Rules for the holiday dinner table

Most of the dinner scenes from holiday movies are chaotic and end in fights; films like Christmas Vacation with Chevy Chase, and The Family Stone with Diane Keaton. Perhaps the reason for the mayhem and anger is that they didn’t follow my simple rules for holiday meal etiquette. Add these ingredients to your feast and see if they don’t bring more closeness and peace. DSCF7205

1. Talk about politics and religion. You heard me; nothing is off limits for discussion as long as there is more listening than shouting. Please invite kids in on these conversations, because it’s invaluable for them to engage in open debates about serious topics with their elders. Be sure their voices are heard and valued, so they feel encouraged to share more. When I was growing up, I loved standing behind the chairs of my dad, uncles and grandfather as they played poker after family dinners. The conversation sometimes got a little crude, but I learned tons about how men relate and how they stood on issues. I can still see the cigar smoke, hear their laughter as they teased each other, and feel their camaraderie to this day.

2. Leave your judgments at the door. Nothing creates tension and distance faster than feeling judged. Be like Atticus Finch and try to walk around in everyone’s shoes and see things from their point of view. It doesn’t mean you agree with them; it just means you love and respect them and their opinions.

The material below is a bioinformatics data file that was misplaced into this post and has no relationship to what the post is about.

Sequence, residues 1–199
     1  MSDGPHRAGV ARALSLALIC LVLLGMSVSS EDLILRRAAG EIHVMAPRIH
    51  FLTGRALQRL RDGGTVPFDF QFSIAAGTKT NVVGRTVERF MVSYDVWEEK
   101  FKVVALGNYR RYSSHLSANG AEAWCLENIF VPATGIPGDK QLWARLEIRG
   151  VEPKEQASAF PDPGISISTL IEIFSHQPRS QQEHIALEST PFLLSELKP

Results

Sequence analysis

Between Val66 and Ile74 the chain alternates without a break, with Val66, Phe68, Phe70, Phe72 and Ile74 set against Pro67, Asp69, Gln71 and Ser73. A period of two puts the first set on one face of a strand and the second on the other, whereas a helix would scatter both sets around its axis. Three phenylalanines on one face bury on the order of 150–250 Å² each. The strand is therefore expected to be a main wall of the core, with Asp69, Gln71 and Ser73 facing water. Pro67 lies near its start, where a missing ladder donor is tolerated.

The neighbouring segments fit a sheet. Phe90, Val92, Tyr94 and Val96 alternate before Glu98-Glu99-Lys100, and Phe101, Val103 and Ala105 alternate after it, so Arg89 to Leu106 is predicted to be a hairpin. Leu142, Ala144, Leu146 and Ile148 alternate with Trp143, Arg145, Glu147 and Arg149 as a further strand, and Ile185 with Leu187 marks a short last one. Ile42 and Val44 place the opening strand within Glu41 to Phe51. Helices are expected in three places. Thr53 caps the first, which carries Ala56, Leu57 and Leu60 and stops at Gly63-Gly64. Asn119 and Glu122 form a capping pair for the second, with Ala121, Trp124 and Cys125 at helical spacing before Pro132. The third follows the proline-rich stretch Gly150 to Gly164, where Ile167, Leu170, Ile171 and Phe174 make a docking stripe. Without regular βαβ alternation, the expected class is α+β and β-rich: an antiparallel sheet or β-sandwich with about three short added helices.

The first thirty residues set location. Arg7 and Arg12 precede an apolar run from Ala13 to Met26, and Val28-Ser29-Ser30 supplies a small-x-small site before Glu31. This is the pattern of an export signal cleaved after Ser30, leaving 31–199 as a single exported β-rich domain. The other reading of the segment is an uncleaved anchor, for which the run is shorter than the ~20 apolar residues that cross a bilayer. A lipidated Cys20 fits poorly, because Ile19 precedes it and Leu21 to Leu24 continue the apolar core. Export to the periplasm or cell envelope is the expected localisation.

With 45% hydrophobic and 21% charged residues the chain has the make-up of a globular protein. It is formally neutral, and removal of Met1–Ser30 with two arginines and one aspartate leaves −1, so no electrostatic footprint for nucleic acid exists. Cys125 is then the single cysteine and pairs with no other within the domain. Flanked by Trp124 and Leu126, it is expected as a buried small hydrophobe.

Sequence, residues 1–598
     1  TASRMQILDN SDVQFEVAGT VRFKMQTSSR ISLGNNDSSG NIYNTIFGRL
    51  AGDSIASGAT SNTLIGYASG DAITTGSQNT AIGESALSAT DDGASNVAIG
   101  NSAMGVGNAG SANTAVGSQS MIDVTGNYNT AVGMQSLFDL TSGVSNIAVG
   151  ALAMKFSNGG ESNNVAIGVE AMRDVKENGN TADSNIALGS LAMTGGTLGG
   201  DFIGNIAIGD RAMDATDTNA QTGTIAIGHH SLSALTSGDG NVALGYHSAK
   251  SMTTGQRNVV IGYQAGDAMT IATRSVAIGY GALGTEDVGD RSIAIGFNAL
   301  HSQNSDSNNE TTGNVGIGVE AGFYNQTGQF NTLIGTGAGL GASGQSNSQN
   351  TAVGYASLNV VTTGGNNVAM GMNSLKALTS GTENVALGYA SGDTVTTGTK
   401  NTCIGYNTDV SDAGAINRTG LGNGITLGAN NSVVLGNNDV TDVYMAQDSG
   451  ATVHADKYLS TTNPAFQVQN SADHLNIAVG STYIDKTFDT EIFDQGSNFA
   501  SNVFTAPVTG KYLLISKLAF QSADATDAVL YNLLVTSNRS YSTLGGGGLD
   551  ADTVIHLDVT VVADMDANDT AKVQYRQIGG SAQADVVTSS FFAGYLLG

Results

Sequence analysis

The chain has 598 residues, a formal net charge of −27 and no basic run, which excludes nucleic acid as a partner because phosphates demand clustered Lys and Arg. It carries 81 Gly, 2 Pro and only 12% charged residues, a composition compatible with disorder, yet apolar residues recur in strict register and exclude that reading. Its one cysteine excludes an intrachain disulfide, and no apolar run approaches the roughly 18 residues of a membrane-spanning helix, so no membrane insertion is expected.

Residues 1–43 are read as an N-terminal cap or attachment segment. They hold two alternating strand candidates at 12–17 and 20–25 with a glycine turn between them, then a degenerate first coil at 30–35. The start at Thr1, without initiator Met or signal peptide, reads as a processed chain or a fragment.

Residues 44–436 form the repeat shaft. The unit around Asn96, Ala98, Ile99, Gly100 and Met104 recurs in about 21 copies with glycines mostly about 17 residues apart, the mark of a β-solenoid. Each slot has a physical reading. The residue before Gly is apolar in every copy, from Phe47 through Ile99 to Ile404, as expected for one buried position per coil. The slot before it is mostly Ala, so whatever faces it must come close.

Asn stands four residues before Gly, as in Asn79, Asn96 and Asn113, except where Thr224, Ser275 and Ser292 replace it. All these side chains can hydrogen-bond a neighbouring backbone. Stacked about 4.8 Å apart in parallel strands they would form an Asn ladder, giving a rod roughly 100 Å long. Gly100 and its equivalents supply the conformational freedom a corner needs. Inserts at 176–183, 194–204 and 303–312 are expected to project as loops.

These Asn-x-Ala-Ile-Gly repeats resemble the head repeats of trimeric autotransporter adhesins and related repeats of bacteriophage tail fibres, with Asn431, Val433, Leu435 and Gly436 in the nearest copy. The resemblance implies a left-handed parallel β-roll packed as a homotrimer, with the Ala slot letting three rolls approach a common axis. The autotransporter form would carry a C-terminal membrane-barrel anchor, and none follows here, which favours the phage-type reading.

3. Honor your elders. Holiday get-togethers are a great place for kids to learn about their ancestors. As you sit around the table digesting the heavy meal, have older relatives tell stories of holidays past, of the trials and tribulations of their long lives, and their perspectives on life. Better yet, record these sessions for future gatherings after they have passed.

4. Perform old traditions. All three of my adult children still look forward to our old family traditions, especially the ravioli meal with our family’s secret meat sauce brought over from Italy by my great grandfather Giuseppe Cortopassi. We also got in the habit of showing old slides of relatives past and present; kids LOVE to see old pictures of their parents at their ages. Or have your kids help you create new traditions that will enrich each holiday season to come.

5. Express gratitude. We often go around the table and have everyone share what they are grateful for in their lives or from the past year. Nothing takes anger, resentment, and tension out of group better than when people express what they appreciate and are thankful for, especially if it’s about the folks they are sharing the meal with.

6. Unconditionally love each other. Every family has it’s characters, black sheep, and rogues, like the scamming son in one of my favorite movies, Parenthood. Do your best to set a place at the table for everyone, and try to accept and love them as they are vs. trying to fix them.

7. Laugh a lot!IMG_1774

There is nothing that brings a family closer than sharing stories, honoring each other, expressing gratitude, unconditional love, and laughter, so make sure these are on the menu this and every holiday to come.

 

Comments

  1. This is timely. So many unnecessary arguments during the holidays.

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